Maliki: Don't Withdraw U.S. Troops Too Quickly The war in Iraq is a key part of the war on terrorism, Iraqi Prime Minister Nouri al-Maliki told a joint session of Congress Wednesday. Maliki thanked the United States for removing Saddam Hussein -- and urged that U.S. troops not leave before Iraq is stable.
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Maliki: Don't Withdraw U.S. Troops Too Quickly

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Maliki: Don't Withdraw U.S. Troops Too Quickly

Maliki: Don't Withdraw U.S. Troops Too Quickly

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MICHELE NORRIS, Host:

From NPR News, this is ALL THINGS CONSIDERED. I'm Michele Norris.

ROBERT SIEGEL, Host:

And I'm Robert Siegel.

The fate of our country and yours is tied.

Those words today from Iraqi Prime Minister Nouri alMaliki, addressing a joint session of Congress. Maliki said the war in Iraq is a key part of the war on terrorism and he thanked the U.S. for removing Saddam Hussein. He did not mention the current fighting in Lebanon and his disagreement with President Bush on that issue. The Iraqi leader was interrupted once by a heckler, who was quickly escorted from the House gallery. We'll hear reaction to his speech from members of Congress in a few minutes.

First, here's NPR's David Greene.

DAVID GREENE: Congress invites a few world leaders to speak each year, but few whose fate is so intertwined with U.S. policy and politics. That thought was on everyone's mind as House Speaker Dennis Hastert introduced today's guest.

DENNIS HASTERT: Members of Congress, it's my privilege, great privilege, and I deem it a high honor and personal pleasure to present to you His Excellency, Nouri alMaliki, the Prime Minister of the Republic of Iraq.

GREENE: Maliki stood facing a sea of senators and House members. Hastert and Vice President Dick Cheney sat behind him, listening to a translator interpreting his Arabic. And right from the start, his message echoed what members of Congress are used to hearing from President Bush.

NOURI ALMALIKI: (Through translator) I know that some of you here question whether Iraq is part of the war on terror. Let me be very clear. This is a battle between true Islam, for which a person's liberty and drives constitute essential cornerstones, and terrorism, which wraps itself in a fake Islamic cloak, in reality wages a war on Islam and Muslims.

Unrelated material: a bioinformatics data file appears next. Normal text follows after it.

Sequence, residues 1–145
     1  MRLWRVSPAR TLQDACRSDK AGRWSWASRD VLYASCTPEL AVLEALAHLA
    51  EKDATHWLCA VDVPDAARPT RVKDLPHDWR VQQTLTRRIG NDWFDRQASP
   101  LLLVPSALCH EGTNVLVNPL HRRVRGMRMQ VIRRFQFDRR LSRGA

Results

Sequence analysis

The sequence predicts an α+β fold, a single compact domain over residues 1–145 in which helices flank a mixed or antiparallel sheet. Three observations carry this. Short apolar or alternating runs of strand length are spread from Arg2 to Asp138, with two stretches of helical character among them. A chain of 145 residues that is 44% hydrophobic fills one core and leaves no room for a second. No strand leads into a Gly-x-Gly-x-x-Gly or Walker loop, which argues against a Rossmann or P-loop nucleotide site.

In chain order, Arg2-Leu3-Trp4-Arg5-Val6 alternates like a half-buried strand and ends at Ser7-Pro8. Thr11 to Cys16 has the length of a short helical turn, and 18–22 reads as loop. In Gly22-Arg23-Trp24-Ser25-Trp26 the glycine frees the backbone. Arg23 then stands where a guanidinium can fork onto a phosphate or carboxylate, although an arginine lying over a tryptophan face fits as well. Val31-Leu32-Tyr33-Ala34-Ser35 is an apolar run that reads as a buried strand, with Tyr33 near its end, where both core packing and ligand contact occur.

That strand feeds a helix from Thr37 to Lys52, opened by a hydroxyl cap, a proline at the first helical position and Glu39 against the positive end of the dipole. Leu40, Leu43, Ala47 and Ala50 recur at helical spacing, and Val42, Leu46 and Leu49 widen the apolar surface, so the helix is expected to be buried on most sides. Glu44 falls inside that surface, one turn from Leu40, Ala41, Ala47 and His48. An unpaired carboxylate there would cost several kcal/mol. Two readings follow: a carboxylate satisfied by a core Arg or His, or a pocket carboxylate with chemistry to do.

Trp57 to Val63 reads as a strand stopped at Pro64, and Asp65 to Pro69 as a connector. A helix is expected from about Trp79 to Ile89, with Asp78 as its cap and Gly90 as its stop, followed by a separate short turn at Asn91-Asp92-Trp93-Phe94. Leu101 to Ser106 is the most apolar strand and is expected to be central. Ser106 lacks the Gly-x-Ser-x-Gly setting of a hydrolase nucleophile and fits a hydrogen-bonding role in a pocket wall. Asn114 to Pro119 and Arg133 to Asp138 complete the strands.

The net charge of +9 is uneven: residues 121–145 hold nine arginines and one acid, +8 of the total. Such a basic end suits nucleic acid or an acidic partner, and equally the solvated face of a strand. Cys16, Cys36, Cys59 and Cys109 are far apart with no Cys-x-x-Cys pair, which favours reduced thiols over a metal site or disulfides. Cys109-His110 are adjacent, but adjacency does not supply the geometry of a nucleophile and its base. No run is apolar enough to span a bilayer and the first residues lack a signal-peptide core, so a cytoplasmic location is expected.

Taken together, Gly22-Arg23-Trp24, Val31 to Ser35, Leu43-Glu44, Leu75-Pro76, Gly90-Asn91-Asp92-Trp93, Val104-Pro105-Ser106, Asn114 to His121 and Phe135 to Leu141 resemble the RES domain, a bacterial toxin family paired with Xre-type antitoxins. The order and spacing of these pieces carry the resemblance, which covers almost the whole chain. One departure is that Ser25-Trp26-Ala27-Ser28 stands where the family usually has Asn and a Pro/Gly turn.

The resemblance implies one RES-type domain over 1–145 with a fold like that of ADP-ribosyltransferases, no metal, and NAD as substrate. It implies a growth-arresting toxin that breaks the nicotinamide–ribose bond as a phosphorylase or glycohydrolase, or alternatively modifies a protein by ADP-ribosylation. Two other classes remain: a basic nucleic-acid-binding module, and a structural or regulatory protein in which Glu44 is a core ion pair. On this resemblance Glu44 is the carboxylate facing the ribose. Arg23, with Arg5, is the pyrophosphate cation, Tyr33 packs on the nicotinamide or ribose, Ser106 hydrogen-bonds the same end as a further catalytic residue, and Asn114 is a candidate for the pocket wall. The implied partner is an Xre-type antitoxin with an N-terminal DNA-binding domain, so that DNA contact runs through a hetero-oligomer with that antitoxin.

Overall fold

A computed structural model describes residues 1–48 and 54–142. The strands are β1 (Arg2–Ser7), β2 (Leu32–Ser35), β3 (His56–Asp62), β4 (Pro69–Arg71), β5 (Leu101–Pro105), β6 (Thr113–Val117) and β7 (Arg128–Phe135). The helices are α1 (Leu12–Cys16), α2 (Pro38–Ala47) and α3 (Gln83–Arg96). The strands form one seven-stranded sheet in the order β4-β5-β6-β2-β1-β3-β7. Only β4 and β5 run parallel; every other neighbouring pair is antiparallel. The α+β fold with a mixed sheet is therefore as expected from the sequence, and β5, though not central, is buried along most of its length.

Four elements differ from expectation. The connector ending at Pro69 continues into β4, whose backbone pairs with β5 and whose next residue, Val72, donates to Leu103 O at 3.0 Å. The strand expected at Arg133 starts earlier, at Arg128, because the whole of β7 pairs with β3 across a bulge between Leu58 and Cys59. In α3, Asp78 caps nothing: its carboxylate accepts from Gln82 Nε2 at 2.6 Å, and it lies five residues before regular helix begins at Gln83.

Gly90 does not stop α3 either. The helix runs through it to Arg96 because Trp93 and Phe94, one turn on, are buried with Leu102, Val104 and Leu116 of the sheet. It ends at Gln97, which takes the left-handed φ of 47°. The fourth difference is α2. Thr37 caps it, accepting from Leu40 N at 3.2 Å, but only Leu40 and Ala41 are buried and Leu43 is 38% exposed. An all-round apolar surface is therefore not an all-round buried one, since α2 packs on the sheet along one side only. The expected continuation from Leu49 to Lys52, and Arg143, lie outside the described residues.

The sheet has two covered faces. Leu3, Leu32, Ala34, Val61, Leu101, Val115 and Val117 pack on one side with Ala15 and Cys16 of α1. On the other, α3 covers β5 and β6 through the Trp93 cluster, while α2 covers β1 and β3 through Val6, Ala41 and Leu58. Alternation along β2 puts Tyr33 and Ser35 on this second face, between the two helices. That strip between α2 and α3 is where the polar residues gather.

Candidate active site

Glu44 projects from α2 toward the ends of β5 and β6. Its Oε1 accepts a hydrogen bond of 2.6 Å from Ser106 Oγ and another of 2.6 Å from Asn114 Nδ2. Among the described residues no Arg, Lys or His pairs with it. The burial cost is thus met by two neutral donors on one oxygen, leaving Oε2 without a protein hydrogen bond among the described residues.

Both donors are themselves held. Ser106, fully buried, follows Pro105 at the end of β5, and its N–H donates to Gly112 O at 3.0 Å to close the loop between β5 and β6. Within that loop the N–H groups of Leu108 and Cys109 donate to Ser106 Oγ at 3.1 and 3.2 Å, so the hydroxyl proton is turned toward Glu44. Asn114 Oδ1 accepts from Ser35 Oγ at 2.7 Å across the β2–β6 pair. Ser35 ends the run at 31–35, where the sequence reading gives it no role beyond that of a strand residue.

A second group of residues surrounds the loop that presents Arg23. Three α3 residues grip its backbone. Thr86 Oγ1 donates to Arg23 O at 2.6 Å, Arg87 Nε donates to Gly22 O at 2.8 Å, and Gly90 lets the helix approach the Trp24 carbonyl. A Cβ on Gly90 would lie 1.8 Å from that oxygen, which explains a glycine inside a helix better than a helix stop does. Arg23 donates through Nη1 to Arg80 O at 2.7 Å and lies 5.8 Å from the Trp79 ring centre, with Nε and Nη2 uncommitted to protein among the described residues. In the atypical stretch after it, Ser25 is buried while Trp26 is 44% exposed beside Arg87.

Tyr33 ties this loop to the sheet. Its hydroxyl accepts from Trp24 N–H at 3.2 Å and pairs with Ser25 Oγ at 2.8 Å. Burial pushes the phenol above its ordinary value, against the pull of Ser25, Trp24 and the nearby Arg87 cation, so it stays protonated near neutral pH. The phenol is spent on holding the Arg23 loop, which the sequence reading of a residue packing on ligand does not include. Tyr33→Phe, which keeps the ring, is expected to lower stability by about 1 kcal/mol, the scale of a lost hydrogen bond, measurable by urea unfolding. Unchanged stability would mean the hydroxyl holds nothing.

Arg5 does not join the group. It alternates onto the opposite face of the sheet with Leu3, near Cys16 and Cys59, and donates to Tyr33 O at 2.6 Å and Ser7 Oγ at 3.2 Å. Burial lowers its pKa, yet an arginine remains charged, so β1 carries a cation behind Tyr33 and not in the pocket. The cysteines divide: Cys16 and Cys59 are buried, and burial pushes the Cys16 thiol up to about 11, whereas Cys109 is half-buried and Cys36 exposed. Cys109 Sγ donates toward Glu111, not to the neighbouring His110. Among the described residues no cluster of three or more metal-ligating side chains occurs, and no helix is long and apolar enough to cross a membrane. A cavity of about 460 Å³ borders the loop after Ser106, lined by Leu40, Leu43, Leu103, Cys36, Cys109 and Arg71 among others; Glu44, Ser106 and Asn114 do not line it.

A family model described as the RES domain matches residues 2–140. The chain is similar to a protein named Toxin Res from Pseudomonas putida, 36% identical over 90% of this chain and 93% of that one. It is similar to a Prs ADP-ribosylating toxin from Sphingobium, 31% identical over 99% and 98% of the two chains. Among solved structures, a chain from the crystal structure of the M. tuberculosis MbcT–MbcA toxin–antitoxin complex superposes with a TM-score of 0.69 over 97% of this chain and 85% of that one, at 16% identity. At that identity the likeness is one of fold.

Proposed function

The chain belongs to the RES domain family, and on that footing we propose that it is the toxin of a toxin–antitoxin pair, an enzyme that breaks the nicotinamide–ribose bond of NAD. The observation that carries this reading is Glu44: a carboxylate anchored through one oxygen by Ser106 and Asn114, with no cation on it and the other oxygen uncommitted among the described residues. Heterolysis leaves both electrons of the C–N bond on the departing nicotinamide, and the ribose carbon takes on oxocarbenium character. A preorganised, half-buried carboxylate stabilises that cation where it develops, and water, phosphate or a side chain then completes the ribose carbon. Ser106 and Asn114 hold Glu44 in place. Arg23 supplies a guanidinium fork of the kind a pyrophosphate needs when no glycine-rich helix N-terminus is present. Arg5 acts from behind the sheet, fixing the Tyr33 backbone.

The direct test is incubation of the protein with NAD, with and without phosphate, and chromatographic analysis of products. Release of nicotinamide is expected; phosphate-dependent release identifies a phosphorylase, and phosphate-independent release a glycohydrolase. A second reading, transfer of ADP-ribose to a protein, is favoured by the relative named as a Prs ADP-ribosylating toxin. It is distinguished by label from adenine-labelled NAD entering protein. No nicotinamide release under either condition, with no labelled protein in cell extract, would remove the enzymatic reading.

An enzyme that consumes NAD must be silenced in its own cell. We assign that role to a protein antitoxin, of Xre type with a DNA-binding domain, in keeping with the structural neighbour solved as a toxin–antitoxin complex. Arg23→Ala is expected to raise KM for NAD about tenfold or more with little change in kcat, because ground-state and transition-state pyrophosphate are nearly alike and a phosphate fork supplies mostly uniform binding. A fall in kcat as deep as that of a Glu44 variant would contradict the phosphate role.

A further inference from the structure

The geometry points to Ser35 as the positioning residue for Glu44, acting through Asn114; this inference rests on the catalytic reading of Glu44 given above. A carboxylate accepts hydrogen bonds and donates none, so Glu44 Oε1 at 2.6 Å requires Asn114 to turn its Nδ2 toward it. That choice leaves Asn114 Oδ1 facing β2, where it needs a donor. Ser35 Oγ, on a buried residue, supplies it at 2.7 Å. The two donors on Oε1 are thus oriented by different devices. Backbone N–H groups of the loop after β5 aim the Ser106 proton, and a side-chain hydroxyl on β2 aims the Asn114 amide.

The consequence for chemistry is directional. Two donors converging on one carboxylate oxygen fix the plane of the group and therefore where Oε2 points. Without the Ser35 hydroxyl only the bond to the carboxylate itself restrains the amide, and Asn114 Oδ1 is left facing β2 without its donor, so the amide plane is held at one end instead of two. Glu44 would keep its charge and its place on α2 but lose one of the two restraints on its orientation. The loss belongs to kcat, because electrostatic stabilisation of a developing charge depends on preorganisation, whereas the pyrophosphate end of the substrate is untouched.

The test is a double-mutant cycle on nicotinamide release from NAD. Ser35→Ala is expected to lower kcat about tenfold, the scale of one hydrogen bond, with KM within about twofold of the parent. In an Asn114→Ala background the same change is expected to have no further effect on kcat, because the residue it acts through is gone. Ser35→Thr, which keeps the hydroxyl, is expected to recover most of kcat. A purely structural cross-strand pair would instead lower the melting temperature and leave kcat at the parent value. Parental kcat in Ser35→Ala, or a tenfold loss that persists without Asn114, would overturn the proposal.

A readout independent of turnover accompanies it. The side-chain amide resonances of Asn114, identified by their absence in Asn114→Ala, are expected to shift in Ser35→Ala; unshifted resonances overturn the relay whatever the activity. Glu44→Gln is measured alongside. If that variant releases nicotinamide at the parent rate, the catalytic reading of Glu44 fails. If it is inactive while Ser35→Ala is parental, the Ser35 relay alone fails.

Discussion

GREENE: Maliki used the terms terrorist and terrorism often and he connected the fight in his own country to what happened in the U.S. on September 11, 2001.

ALMALIKI: (Through translator) Thousands of lives were tragically lost on September 11, when these imposters of Islam reared their ugly heads. Thousands more continue to die in Iraq today at the hands of the same terrorists who show complete disregard for human life.

GREENE: But in a White House briefing yesterday, National Security Advisor Stephen Hadley said the current problem in Baghdad is not terrorism, but warfare between sectarian factions of Iraqis. In his speech today, Maliki mentioned these armed militias only once.

ALMALIKI: (Through translator) I have on many occasions stated my determination to disband all militias, without exception.

GREENE: Near the end of his 27minute speech, Maliki reminded Congress that Iraqi Shiites such as himself rose up against Saddam Hussein before, in the aftermath of the 1991 Gulf War.

ALMALIKI: (Through translator) In 1991, when Iraqis tried to capitalize on the regime's momentary weakness and rose up, we were alone again. The people of Iraq will not forget your continued support as we establish a secure, liberal democracy. Let 1991 never be repeated, for history will be most unforgiving.

GREENE: He did not mention that it was the first President Bush who made the decision in 1991 not to topple Saddam as the Shiites had hoped. More recently, of course, the current President Bush has removed Hussein and the U.S. government has committed several hundred billion dollars to its mission in Iraq. Today Maliki said that much of that money has gone not to rebuilding, but to security, and that Congress needed to commit new funds to rebuilding Iraq.

David Greene, NPR News, the White House.

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